Our examination of the room recalled the excavations of the site of ancient Troy.
Four successive designers over a period of forty years had imposed their ideas on the room, but, unfortunately, the last three had not bothered to remove the previous interiors, which nested one inside the other.
In order to enlarge the capacity and satisfy a critical municipal building code and fire department, the four interiors were removed, and we got a fresh start from the brick walls.
We settled on a diagonal plan that would give every seat a good view.
The bandstand, therefore, was placed in one corner and everything fanned out from it.
Our design was contemporary, but with a Persian motif chosen because of the famous name of the room, and for this we visited museums and haunted the Iranian Institute, reading the lore of Iran and studying Persian temples and miniatures.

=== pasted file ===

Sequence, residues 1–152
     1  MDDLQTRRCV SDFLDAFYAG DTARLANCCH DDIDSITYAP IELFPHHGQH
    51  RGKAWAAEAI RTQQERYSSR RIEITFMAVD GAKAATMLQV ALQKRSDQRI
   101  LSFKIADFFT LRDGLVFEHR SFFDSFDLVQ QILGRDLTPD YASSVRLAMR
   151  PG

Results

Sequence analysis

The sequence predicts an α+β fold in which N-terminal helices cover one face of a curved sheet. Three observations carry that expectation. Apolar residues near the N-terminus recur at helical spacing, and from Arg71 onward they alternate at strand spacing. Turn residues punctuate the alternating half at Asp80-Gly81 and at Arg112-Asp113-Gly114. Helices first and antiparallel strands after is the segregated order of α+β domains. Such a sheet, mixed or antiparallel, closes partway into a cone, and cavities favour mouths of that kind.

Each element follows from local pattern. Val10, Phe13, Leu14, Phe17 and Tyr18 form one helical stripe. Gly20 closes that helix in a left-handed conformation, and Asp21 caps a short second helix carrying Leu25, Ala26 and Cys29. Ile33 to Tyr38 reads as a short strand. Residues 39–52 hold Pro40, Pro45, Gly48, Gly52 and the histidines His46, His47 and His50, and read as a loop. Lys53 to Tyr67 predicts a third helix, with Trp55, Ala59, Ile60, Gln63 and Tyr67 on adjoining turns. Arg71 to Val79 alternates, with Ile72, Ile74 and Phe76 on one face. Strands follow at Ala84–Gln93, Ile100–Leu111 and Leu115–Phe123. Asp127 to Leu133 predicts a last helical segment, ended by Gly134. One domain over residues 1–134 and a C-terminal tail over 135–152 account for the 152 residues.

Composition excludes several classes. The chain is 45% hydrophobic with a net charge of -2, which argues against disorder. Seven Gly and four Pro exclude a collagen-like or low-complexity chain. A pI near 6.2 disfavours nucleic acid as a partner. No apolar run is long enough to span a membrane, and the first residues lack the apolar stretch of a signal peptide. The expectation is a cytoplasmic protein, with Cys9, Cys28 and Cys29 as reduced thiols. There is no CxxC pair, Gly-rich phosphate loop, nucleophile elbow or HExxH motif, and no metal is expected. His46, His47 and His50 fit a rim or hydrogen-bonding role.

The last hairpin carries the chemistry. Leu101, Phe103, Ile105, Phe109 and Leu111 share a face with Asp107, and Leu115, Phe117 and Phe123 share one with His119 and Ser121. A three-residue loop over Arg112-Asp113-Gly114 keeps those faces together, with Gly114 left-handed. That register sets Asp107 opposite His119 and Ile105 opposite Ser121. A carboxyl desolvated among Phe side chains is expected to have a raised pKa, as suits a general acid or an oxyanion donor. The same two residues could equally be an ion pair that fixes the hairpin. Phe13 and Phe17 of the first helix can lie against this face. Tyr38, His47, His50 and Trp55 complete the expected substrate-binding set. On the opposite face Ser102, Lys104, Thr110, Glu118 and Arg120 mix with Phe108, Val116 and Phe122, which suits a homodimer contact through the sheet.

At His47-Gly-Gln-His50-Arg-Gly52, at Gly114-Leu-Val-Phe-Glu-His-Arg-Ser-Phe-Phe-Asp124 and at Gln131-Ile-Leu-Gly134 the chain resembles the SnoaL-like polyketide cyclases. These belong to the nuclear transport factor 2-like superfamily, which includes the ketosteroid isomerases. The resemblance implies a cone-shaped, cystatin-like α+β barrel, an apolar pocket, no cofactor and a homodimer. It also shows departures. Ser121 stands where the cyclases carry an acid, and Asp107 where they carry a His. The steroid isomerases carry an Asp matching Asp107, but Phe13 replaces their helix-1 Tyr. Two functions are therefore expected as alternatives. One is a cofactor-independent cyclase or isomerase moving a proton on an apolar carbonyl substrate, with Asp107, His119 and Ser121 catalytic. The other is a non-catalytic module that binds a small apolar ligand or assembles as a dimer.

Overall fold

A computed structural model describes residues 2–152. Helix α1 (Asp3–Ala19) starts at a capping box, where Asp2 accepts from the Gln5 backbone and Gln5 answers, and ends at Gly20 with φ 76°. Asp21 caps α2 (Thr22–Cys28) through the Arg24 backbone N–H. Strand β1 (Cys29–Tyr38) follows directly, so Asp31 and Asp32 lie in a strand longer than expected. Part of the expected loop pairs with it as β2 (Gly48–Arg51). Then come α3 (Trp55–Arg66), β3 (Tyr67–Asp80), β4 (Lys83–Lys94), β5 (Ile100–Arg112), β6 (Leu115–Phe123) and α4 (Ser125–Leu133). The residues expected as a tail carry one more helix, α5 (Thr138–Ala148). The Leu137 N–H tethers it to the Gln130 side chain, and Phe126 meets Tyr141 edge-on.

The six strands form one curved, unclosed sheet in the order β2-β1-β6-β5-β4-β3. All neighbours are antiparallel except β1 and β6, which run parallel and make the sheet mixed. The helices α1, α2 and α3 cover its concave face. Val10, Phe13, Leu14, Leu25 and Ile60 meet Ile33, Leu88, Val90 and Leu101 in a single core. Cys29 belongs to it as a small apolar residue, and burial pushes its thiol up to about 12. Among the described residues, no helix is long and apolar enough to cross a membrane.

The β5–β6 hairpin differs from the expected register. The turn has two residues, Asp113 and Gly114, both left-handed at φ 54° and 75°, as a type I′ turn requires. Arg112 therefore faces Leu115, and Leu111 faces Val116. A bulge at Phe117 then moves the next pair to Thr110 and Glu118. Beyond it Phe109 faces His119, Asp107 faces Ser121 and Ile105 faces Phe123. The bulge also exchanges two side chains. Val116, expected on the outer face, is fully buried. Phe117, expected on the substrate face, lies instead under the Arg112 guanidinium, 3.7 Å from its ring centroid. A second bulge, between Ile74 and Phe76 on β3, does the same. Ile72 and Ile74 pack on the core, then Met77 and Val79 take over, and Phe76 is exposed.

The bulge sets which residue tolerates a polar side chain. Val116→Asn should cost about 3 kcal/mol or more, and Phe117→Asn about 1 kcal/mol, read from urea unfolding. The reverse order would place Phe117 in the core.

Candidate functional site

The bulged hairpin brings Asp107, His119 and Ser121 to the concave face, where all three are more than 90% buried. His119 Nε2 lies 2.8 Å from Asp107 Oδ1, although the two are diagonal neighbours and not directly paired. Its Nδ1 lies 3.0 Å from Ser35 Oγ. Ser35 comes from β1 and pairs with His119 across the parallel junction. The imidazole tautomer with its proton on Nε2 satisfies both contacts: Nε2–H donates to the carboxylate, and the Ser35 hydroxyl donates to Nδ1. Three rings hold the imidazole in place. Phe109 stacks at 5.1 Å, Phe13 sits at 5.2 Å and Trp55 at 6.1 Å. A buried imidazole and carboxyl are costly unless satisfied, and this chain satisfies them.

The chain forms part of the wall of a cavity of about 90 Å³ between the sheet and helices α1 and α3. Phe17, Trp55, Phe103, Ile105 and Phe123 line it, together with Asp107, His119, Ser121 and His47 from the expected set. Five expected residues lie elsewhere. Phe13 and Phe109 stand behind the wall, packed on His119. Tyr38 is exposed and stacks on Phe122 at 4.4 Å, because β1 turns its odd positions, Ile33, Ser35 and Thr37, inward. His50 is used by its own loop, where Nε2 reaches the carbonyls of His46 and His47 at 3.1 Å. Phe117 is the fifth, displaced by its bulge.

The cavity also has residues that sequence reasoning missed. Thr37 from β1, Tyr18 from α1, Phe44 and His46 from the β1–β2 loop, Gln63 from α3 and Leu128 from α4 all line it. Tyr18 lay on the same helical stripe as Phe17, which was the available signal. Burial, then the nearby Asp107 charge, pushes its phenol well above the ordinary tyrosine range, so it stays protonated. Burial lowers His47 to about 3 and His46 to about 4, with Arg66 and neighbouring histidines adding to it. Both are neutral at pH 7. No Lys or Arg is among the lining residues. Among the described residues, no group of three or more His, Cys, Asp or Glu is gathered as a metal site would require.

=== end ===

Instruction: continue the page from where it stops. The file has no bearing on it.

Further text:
The Persian Room has eight enormous windows twenty feet high on two of its walls.
For these we had curtains woven of deep blue and green with metallic strands.
Alice Hughes in her September 29, 1950 Buffalo Courier Express column wrote: New York, Sept.
What he has created for the Persian Room is a secret until tonight.
That it will surpass most going night clubs is without doubt for Dreyfuss is a superb designer.
And in this design the Persian Room would thrive for the next decade-and-half.
The Persian Room closed for good the plaza casino rooms nightclub 1975.
A dress shop went into the space that formerly hosted some of the top entertainers in American show business.
Today the Rose Club occupies the space and it fits in nicely with the rest of the Plaza Hotel stylistically.
The Rose Club at the Plaza Hotel and a return to Edwardian elegance, now occupies the space of the Persian Room.
But lets end with one last look at the original Persian Room.
The very short-lived elegant club that ushered in a new era just after the end of Prohibition.
The western side of the original Persian Room showing the plaza casino rooms nightclub 27 foot-long bar and three of the Palmedo murals, 1934.
Excerpts and links may be used, provided that full and clear credit is given to drivingfordeco.